During today's drive to the peaks, I got a pleasant surprise.

This new sign is PERFECT. I can't tell you the number of people I've had to direct to the correct peak. My compliments To Chris Bourdon and the Parks Department for the sign.

The question is, was it installed with tamper-proof bolts...

I leave you this week with another photo that should prompt you to just sit and look stupid.

Monday, September 4, 2017

Let Us Spray

Visit #1096, Saturday 2 September 17, 9:30-11:15AM, 3.0 miles.

Thanks to Paul Bernier who joined me this week, and handled sandpaper like a professional.

During last week's foray into Hubbard Park I discovered some graffiti which I totally forgot to tell you about, dear reader.

On a mountain bike ride through the park on Friday, I discovered more.

I also promised to return with brush killer to enact some preventive maintenance at the Halfway House.

There was gonna be a lot o' sprayin' going on today.

Paul and I hiked a clockwise loop and reached the walkbridge over I-691, and our first encounter with graffiti.

I wasn't thinking clearly when preparing for today's work, and thought WD-40 would take care of this stuff lickety-split. My addled brain was confusing graffiti with the stickers I quickly removed a couple week's ago. Must have been the fumes from all those aerosols...

So when spraying WD-40 didn't do squat but lubricate the bollards, I was ready to resort to non-matching spray paint to cover it up. Fortunately the fumes hadn't reached the deep recesses of my memory, and I remembered I just recently began carrying sandpaper for instances like this. I giggled like a lobbyist in a congressman's office knowing the graffiti wasn't long for this world now.

I let Paul do the honors. Notice Paul's blurry glove; that's due to the speed and ruthless efficiency with which he works.

We moved on to our next piece of graffiti.

Question: What's the Greek letter for Potassium?


Gray spray paint is highly effective in removing potassium from rock.

At the Halfway House, I sprayed over more graffiti.

Note the shiny screw heads. Those are from repairs I made to the Halfway House in September of 2010 and still holding.

It was at this point I donned my Agent Orange hat and sprayed the perimeter of the Halfway House with brush killer. We'll keep an eye on how effective it is long term.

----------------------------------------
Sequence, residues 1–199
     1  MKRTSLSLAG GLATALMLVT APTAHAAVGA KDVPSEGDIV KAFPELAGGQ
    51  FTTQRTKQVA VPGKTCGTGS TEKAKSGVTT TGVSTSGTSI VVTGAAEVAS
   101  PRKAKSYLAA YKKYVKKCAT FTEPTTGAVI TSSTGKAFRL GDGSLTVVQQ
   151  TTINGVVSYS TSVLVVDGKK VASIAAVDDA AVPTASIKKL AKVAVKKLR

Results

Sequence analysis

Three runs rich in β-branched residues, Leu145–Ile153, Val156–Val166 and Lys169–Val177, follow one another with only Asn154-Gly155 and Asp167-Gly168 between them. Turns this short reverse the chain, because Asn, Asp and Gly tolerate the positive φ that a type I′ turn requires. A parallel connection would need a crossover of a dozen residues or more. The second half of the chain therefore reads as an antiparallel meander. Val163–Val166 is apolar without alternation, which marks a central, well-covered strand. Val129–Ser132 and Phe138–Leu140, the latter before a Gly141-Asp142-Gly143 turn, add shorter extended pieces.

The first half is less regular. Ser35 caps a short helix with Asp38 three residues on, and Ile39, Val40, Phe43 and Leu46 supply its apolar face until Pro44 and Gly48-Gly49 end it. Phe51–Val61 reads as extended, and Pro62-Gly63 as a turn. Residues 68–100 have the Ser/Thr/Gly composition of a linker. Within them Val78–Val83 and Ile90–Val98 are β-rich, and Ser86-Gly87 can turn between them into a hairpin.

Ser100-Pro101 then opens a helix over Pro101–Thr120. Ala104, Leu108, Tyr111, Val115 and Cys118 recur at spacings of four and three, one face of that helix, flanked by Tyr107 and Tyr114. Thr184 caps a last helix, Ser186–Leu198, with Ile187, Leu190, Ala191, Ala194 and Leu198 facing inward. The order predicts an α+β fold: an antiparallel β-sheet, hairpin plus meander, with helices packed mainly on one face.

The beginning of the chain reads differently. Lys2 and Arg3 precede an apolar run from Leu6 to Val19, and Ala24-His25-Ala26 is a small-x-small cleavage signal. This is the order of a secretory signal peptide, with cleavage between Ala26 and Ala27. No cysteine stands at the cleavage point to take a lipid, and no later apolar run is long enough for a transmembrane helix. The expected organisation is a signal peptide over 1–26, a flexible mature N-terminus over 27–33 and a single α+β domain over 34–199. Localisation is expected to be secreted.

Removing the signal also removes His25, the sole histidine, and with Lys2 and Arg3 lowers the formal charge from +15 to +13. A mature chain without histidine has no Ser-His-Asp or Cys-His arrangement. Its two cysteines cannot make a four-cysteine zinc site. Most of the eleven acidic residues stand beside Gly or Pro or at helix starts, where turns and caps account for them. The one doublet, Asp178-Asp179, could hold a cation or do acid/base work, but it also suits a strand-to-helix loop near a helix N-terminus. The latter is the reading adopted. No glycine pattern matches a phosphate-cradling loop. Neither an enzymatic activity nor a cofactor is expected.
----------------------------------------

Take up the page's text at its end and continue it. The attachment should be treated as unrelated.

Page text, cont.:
Paul and I returned to the parking lot and deposited our bags of trash for the week.

Happy Labor Day!

Sunday, August 27, 2017


Visit #1095, Saturday 26 August 17, 10:25AM-12:40PM, 4.2 miles.
Temps in the high 70's, sunny and dry.

As I promised last week, I had a couple lingering tasks I planned to take care of this weekend.

I hiked over the I-691 walkbridge and reached the fallen branch I reported on last week.

Except when I arrived, it had been cleared from the path and was sitting on the side of the trail. Still, it was kind of ugly and I would not be denied using power tools, so I cut it up into small pieces and tossed them down the hillside.

As I hiked my way over to the Halfway House to fulfill Promise #2, I came upon Colorado'd Tree #17 in Hubbard Park.

This tree has been like this for at least a month or two but I never had the tool to remove it. Except today.

Reaching the Halfway House, I assessed what it would take to clear the growing brush around the perimeter and went to work. I failed to take all the After photos but you get the idea.

See that hole on the left-I spied a Copperhead Snake moving around in there. Fortunately it didn't come out to defend its front yard. I knew to look for a snake in that hole because previously I'd seen a black snake disappear into it. There are actually two entrances to that snake den, a few feet apart.

I think I did the right thing removing all the brush and vines before the roots started uplifting the stone wall. I also think the vines were Poison Ivy; fortunately I had gloves on. I plan on returning with Poison Ivy killer for a more permanent solution.

With my promises kept, I returned to the park and dropped off my trash for the week.